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Baker Market Update

Happy Friday, everyone! It is March 1st already and the rule of thumb is that the jobs report comes out the “First Friday of the Month”. So where is the jobs report for the month of February? Well, rules of thumb are not always perfect rules. The Bureau of Labor Statistics (BLS) actual rule is that the report release “is scheduled for the third Friday after the conclusion of the survey reference week.” Therefore, we will have to wait until next Friday to get the jobs report from the BLS, where expectations are for 190,000 more jobs and the unemployment rate to hold steady at 3.7%.

Yesterday, all eyes were on the release of the Fed’s preferred measure of inflation, the Personal Consumption Expenditure (PCE) Deflator, rose just 0.3% in January (est = 0.3%) and 2.4% (est = 2.4%) from a year ago, the lowest annual reading since February 2021 and down from 7.1% in June 2022. PCE inflation is nearly at the Fed’s target of 2% and this report will be welcome news for the Fed as it decides when to begin lowering interest rates from the highest level in 23 years. Excluding food and energy, Core PCE rose 0.4% (est = 0.4%) and 2.8% from a year ago (est = 2.8%). The Fed believes core inflation is a better indicator of the trend for underlying inflation as headline inflation tends to be more volatile and moves towards core inflation over time. Core inflation has not moved down as much as headline inflation mainly due to more “sticky” services which remain stubbornly high. Personal Income was also reported this morning and it showed a much stronger gain of 1.0% (est = 0.4%) as payrolls surged in January. But the higher income did not boost spending with Personal Spending rising just 0.2% (est = 0.2%) and once you adjust for inflation, Real Personal Spending fell 0.1% (-0.1%). Real consumer spending makes up 60-70% of GDP so this report could lead to a downgrade of Q1 growth estimates.

Earlier in the week, the Conference Board, a business research group, said that its consumer confidence index fell to 106.7 from a revised 110.9 in January. Expectations were for the index to remain unchanged month over month. The index measures both Americans’ assessment of current economic conditions and their outlook for the next six months. As mentioned prior, consumer spending accounts for about 60-70% of U.S. economic activity, so economists pay close attention to consumer behavior as they take measure of the broader economy. The index measuring Americans short-term expectations for income, business and the job market fell to 79.8 from 81.5 in January. A reading under 80 has often signaled an upcoming recession.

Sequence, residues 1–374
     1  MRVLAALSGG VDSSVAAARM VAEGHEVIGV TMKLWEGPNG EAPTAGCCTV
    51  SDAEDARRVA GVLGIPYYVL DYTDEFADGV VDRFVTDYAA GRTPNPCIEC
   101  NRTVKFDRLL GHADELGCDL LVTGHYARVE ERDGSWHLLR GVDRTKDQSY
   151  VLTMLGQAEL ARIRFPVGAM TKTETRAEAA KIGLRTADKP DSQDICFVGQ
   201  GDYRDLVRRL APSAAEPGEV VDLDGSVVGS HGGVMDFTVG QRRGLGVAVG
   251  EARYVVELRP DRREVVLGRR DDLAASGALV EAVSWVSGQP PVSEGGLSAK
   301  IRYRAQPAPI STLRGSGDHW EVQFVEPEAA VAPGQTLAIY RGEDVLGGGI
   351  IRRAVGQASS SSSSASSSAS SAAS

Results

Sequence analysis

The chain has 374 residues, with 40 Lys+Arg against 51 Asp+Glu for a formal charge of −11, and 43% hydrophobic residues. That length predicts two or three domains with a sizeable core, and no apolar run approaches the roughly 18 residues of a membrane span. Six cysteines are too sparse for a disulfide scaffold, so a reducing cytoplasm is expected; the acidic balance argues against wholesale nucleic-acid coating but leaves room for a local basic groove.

Stocks are flat early on this Friday morning trading session and bonds are flat as well. The markets will look to next Friday’s job report to get further insight into the strength of the labor market. Until then, have a great weekend!

PCE and Core PCE (Year over Year Percentage Change) – 2002 to Current

Source: St. Louis FRED

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Since 1979, we’ve helped our clients improve decision-making, manage interest rate risk, and maximize investment portfolio performance. Our proven approach of total resource integration utilizes software and products developed by Baker’s Software Solutions* combined with the firm’s investment experience and advice.

Dale Sheller


Dale Sheller
Associate Partner
Director of Financial Strategies Group
The Baker Group LP

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